Mary Shelley’s enduring science project-run-amok turns up here in Pittsburgh at least a couple times–on the South Side Slopes and back-alley Bloomfield. It’s nice to fantasize this is a bicentennial tribute–Shelley’s Frankenstein; or, The Modern Prometheus was first published in 1818[1]. We’re pretty sure that’s merely a coincidence, though–these spray paint portraits go back at least a couple years.

Regardless, Frankenstein finds himself in good company. He’s but one member of an impressive rogue’s gallery of desperate monsters, enormous insects, gun-toting pandas, faeries, robots, and one flaming Eye of Providence.

stencil image of Frankenstein's monster painted on concrete wall, Pittsburgh, PA

Frankenstein, Bloomfield

stencil image of monster's head painted on brick wall, Pittsburgh, PA

monster, Garfield

stencil image of man's face painted on brick wall, Pittsburgh, PA

refugee from the planet Krylon (or maybe Lou Reed?), Garfield

Someone in greater Bloomfield/Garfield–maybe a whole gang of people–is real handy with an X-Acto knife, stiff card stock, and enough shook-up cans of Rust-Oleum to color most of the spectrum. There are a ton of little stenciled artworks decorating or defacing (your pick) the East End’s alleyways, retaining walls, street signs, and retail backsides.

The majority of these pieces are a single layer, allowing the underlying surface to provide random background color–red brick, silver aluminum, and whatever color the utilitarian cinderblock wall happened to get painted. There are also some really impressive two- and three-color jobs that show a real deft of craft in both preparation and execution in the medium.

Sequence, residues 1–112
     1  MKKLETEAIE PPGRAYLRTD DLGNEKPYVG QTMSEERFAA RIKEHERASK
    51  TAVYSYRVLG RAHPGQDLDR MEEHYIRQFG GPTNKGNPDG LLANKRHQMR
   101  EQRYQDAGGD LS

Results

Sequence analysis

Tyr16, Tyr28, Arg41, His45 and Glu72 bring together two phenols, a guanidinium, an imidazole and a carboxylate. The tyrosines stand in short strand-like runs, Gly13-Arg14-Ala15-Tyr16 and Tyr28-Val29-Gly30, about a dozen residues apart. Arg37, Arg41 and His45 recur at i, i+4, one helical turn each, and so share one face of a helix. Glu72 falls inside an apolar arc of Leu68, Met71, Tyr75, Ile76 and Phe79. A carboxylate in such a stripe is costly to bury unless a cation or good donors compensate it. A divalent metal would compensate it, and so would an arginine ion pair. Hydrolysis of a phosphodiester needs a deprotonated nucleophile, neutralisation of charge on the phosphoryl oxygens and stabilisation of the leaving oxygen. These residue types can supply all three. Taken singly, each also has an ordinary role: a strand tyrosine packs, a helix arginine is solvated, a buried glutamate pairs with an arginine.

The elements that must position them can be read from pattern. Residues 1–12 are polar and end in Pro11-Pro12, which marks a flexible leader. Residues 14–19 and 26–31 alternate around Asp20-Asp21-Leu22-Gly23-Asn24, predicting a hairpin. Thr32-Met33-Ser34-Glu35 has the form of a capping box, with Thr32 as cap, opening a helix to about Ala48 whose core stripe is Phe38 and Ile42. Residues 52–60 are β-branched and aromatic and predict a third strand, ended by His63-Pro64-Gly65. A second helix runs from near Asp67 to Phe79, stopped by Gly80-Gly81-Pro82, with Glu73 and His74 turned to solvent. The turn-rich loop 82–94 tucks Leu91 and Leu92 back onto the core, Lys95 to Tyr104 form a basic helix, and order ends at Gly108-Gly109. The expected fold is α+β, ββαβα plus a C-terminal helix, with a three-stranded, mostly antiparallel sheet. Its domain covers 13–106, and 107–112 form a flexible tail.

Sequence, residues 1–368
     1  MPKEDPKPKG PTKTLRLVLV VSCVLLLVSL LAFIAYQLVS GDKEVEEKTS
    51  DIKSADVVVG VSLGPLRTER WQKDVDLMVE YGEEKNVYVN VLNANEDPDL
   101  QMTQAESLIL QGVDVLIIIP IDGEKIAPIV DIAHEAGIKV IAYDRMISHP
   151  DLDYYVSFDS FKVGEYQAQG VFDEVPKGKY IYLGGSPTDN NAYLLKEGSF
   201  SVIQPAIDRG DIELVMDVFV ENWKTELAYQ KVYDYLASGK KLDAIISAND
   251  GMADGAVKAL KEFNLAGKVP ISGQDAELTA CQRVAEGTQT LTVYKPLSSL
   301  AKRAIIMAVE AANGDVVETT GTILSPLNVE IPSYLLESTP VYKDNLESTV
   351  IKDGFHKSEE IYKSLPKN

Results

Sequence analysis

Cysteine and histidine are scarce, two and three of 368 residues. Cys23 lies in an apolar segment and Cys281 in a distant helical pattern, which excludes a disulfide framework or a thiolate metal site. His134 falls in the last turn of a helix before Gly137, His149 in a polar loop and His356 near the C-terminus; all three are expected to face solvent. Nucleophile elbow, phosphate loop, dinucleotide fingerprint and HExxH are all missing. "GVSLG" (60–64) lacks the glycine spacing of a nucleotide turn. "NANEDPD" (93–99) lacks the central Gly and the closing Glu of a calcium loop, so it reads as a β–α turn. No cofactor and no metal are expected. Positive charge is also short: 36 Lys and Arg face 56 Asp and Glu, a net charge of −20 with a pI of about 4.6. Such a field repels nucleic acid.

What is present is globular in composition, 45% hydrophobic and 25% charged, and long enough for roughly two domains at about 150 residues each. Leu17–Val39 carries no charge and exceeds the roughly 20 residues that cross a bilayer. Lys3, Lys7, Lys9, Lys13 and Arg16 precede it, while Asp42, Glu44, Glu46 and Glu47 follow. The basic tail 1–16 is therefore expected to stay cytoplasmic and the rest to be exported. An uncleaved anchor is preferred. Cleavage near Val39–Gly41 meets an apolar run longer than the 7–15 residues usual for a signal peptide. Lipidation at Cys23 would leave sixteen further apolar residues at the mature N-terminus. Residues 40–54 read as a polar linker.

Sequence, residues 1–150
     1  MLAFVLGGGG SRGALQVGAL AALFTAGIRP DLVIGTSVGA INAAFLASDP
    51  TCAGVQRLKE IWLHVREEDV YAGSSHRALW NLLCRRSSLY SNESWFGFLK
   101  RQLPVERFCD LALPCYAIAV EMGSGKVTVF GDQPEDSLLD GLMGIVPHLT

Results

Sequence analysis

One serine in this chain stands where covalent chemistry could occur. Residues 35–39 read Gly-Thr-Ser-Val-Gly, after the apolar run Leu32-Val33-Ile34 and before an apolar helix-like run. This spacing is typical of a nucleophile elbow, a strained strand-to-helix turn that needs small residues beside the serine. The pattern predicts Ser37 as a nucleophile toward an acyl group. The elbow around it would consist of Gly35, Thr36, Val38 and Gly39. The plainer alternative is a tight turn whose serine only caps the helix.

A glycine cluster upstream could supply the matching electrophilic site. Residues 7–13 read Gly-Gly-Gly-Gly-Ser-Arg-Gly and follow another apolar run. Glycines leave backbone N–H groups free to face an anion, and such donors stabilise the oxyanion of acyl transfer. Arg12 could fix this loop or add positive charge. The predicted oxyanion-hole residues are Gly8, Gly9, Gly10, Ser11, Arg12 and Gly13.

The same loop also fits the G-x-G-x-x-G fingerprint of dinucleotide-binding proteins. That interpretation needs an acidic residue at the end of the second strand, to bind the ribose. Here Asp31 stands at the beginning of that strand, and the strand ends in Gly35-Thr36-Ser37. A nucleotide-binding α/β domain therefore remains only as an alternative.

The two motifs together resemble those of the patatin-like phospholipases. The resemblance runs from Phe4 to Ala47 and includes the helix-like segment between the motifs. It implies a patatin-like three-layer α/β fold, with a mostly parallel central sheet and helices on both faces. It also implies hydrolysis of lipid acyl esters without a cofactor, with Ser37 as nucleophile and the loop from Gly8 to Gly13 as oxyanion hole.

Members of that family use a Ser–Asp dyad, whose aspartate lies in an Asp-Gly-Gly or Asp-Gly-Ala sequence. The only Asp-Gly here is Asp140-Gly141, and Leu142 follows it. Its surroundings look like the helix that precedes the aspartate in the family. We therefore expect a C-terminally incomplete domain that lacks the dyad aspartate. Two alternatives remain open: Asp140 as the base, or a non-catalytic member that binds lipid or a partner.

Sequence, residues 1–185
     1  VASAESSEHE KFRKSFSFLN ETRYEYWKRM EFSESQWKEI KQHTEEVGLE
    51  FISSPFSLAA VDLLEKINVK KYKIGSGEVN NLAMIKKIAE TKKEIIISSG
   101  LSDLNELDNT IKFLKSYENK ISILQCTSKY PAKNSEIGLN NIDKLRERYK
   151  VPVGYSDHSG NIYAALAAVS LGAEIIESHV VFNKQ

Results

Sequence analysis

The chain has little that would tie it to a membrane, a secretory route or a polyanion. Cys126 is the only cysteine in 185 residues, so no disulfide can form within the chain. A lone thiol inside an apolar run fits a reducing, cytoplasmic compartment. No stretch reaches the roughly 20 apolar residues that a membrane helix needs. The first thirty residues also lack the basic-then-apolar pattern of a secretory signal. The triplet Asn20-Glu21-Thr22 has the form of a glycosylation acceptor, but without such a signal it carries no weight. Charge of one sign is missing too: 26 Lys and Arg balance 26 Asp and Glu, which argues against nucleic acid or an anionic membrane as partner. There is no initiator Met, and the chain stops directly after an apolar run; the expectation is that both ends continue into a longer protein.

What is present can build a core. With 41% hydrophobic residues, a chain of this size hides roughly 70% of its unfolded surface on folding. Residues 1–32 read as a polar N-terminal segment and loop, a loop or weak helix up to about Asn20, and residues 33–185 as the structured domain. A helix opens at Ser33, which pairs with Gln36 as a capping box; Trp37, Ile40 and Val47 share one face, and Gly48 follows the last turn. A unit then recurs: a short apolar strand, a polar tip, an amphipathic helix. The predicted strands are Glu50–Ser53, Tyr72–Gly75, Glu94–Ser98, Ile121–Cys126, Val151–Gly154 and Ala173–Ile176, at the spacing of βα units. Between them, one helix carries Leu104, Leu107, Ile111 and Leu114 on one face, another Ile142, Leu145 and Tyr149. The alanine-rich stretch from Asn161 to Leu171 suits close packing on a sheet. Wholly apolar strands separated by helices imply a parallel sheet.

stencil image of a flea painted to the back of a street sign, Pittsburgh, PA

“Flea Apparitions”, Bloomfield

stencil image of pink tyrannosaurus rex painted on concrete wall, Pittsburgh, PA

hot pink T-Rex, Oakland

graffiti stencil of bear standing up with a pistol in each paw, Pittsburgh, PA

“This is a stickup, give me all your honey.” Panda bear with pistols and Hawaiian shirt, Strip District

… but is it art or public menace? One the world’s most un-answerable perennial questions! How I’d love it if some street-wise Séraphine dressed-up our alley fence with a long-locked faerie or ambivalent robot. At the same time, if some stupid spray paint smear were to cross the front of the house, I’d be irate–what a hypocrite! Decorate every alley, sheet metal warehouse, and fast food restaurant and I’ll be happy man, but keep your nozzle off the nice brickwork of private homes and old institutions.

They’re not listening to The Orbit–that’s for damn sure–but stencilers seem to have pretty sound judgement in what subjects are fair game, and where to lay off. The targets here are almost all vacant, unseen spaces and discarded infrastructure. That may be as self-serving as it is respectful–people are just a lot less-likely to take action on a trash-strewn alley behind Family Dollar or the former entrance to a condemned building.

stencil image of fairy painted on cinderblock wall, Pittsburgh, PA

faerie, Strip District

stencil image of cartoon robot painted on bridge, Pittsburgh, PA

robot, Millvale Street Bridge